St. Bruno’s residential school ground-penetrating radar report released

88 potential unmarked graves discovered at St. Bruno’s residential school but more work to be done to confirm

Survivors and supporters at the gathering for the release of the report of ground penetrating radar results at St. Bruno's residential school. Photo: Shane Pospisil/supplied

It was an emotional weekend for residential school survivors as over 1,000 people joined in from across Treaty 8 at the St. Bruno’s Indian Residential School Gathering as local chiefs and the University of Alberta released a report showing 88 potential unmarked graves.

The report released at the gathering uses the phrase “potential unmarked graves” and notes that the results are not meant to be taken as definitive proof of 88 grave sites.

Fourteen of those graves are listed as ‘likely’ meaning that there are multiple indicators, such as the size and shape of a potential grave.

According to a news release from Driftpile Cree Nation Chief Dwayne Laboucan,  the University of Alberta’s summary report “speaks for itself.”

“The trauma and pain of our shared experiences is not just a part of history, they have and are continuing to be transferred intergenerationally…the residential school legacy continues to affect our people to this day,” said Laboucan.

Chief Roderick Willier, who is the grand chief of the Lesser Slave Lake Indian Regional Council, said in a news release that as a survivor of St. Bruno’s residential school, the identification of potential graves has been “incredibly painful and emotional.”

“But so too are the oral testimonies and records we have systemically been collecting from survivors and other sources over the years on the horrific treatment all us kids had to endure,” said his statement.

Map showing the search of St. Bruno’s residential school.

Oral testimonies and other archival records will be phase two of the project at St. Bruno’s residential school.

Kisha Supernant and her team at the Institute of Prairie and Indigenous Archeology or PIA, conducted phase one of the ground penetrating radar (GPR) study in June 2022. The initial assessment included the cemetery, root cellars, and select areas of the school yard.

Supernant spoke to APTN News about the search process and the findings.

“It is one step,” said Supernant about the process of identifying unmarked graves. “Ground penetrating radar cannot prove that there is a grave in a location or that there is anything in the grave but we can have environments where we are confident that there is a likely grave.”

GPR is not able to confirm the presence or absence of human remains, but it helps to pinpoint locations where further analysis of study is needed, Supernant said.

At the St. Bruno’s residential school gathering. From left to right: Lisa Thompson (National Centre for Truth and Reconciliation), Driftpile Cree Nation Chief Dwayne Laboucan, Dr. Kisha Supernant, Lesser Slave Lake Regional Council Grand Chief Roderick Willier, Shane Pospisil (regional council project coordinator), Lynn Jones (NCTR). Photo: Shane Pospisil/ supplied.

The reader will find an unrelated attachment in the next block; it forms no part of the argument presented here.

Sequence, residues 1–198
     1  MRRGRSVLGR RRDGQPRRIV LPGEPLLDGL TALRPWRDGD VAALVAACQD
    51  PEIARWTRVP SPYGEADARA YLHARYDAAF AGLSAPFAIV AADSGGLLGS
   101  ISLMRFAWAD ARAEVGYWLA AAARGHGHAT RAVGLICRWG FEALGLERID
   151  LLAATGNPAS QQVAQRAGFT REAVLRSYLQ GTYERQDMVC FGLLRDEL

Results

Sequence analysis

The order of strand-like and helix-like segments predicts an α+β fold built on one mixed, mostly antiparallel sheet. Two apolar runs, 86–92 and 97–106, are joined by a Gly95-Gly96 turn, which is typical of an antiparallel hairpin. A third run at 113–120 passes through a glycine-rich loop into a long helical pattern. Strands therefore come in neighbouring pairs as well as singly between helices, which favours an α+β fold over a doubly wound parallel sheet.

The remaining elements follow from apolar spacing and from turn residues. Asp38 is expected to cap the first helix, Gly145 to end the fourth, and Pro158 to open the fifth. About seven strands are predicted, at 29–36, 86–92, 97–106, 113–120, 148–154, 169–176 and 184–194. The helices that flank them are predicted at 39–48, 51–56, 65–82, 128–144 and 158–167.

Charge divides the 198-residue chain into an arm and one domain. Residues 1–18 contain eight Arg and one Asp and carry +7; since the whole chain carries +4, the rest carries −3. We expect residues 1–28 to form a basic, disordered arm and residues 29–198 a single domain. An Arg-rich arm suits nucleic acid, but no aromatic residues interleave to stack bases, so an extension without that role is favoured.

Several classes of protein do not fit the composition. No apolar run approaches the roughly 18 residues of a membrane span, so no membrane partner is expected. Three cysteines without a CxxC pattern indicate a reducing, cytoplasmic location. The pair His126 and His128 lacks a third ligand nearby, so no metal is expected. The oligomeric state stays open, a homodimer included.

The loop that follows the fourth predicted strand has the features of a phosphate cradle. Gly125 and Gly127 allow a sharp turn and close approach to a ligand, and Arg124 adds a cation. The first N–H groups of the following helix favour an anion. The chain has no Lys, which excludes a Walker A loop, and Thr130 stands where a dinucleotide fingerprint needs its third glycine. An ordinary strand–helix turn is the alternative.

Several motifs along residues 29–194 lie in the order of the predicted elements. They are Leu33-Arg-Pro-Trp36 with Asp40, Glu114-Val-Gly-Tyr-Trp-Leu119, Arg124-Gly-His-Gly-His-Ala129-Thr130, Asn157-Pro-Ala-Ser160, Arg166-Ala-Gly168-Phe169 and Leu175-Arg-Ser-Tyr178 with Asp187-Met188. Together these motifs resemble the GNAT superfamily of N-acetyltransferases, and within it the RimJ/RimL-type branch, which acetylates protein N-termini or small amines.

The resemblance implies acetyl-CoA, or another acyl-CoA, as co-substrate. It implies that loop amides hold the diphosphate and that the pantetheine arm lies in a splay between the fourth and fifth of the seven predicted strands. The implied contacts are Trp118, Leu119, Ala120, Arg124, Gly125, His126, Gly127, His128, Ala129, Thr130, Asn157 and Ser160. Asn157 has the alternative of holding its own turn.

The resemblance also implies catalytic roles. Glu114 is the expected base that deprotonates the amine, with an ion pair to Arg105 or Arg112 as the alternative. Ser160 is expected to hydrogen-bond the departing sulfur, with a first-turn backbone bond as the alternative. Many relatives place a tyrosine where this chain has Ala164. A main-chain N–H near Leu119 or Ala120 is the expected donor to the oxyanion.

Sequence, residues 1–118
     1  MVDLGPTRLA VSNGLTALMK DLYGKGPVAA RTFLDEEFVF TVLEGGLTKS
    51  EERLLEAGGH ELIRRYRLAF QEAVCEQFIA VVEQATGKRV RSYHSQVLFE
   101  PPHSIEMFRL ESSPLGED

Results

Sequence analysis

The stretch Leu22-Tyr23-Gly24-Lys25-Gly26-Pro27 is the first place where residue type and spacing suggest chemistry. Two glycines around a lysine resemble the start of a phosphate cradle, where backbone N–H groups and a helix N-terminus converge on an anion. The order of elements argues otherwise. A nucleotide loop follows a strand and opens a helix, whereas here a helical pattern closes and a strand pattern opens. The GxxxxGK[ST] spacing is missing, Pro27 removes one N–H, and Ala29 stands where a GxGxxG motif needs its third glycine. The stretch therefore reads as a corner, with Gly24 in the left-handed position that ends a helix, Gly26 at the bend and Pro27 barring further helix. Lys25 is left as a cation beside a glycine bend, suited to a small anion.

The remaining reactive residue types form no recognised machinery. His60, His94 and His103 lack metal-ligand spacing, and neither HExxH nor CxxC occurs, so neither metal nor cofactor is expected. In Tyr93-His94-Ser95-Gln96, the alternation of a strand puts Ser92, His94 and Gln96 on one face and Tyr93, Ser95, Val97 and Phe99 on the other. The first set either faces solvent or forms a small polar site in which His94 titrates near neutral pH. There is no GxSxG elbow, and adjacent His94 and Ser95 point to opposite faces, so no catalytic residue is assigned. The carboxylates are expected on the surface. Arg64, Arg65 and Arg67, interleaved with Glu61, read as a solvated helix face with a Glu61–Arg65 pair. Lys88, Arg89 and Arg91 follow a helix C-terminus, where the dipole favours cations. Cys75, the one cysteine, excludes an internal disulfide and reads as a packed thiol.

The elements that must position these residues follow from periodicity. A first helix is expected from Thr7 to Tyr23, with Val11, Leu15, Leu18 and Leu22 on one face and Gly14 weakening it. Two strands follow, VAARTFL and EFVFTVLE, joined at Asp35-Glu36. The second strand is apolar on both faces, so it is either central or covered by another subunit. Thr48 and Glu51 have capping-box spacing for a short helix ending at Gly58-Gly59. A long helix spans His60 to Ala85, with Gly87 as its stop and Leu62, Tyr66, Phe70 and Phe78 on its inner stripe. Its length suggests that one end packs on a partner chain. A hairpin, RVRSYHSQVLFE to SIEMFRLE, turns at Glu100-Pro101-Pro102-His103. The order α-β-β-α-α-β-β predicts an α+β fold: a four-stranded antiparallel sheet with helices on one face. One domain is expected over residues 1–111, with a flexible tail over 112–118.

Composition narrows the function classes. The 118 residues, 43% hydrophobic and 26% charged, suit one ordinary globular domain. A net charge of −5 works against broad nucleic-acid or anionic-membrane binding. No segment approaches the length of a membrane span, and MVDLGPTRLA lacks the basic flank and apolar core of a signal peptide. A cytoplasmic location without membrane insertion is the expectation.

According to the report “the majority of the potential unmarked graves were located within or just outside of the Jossard Community Cemetery.”

Supernant said that this area was searched because a lot of markers were missing.

“Right next to the residential school, not far from where the building was there was an is a cemetery. We looked in that area because there are a lot of places where there aren’t markers,” said Supernant

She also said that starting the GPR search in cemeteries provides a good baseline for what suspected graves could look like in the area.

Ground penetrating radar “is a geophysical technique that looks for changes in signals sent by the GPR as they move through the ground and return to the antenna,” according to the report.

The process is lengthy

The search for unmarked graves has been a multi-year search at sites across Canada. A part of the reason for the length of time is weather conditions. GPR does not work well when there is snow on the ground.

“Our window [for searching] is shorter in Alberta,” said Supernant.

The work itself is slow.

“We were out for 8 days we covered 1.8 acres…all that data took us several months to go from collecting it to getting results,” said Supernant.

They have two researchers independently review the data to make sure the findings are consistent.

“We say it takes five to ten times to interpret than it does to collect the data,” said Supernant.

After that, additional research is done to confirm the gravesites.

Many communities are still discussing what should be done in the areas of potential graves as some communities do not believe in disturbing the dead once they have been laid to rest.

“Rather than repatriating the remains of our loved ones, our precious little ones, as some have suggested…many of us now strongly believe that the former residential school site itself is what needs to be repatriated,” said Willier.

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